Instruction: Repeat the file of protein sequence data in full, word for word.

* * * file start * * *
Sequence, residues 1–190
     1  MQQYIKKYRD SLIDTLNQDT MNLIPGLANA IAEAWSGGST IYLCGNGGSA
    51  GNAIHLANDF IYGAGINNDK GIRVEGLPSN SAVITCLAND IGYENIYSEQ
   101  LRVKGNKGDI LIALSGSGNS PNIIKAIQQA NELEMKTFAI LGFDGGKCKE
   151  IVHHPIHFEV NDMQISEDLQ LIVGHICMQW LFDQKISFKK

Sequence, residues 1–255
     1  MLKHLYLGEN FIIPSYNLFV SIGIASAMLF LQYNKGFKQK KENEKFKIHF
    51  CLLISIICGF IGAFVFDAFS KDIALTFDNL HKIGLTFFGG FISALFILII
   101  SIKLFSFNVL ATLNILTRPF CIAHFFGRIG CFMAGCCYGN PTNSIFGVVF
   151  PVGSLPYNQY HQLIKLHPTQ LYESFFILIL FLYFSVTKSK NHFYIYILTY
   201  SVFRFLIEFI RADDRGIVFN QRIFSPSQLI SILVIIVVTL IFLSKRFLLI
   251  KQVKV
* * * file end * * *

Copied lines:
Sequence, residues 1–190
     1  MQQYIKKYRD SLIDTLNQDT MNLIPGLANA IAEAWSGGST IYLCGNGGSA
    51  GNAIHLANDF IYGAGINNDK GIRVEGLPSN SAVITCLAND IGYENIYSEQ
   101  LRVKGNKGDI LIALSGSGNS PNIIKAIQQA NELEMKTFAI LGFDGGKCKE
   151  IVHHPIHFEV NDMQISEDLQ LIVGHICMQW LFDQKISFKK

Sequence, residues 1–255
     1  MLKHLYLGEN FIIPSYNLFV SIGIASAMLF LQYNKGFKQK KENEKFKIHF
    51  CLLISIICGF IGAFVFDAFS KDIALTFDNL HKIGLTFFGG FISALFILII
   101  SIKLFSFNVL ATLNILTRPF CIAHFFGRIG CFMAGCCYGN PTNSIFGVVF
   151  PVGSLPYNQY HQLIKLHPTQ LYESFFILIL FLYFSVTKSK NHFYIYILTY
   201  SVFRFLIEFI RADDRGIVFN QRIFSPSQLI SILVIIVVTL IFLSKRFLLI
   251  KQVKV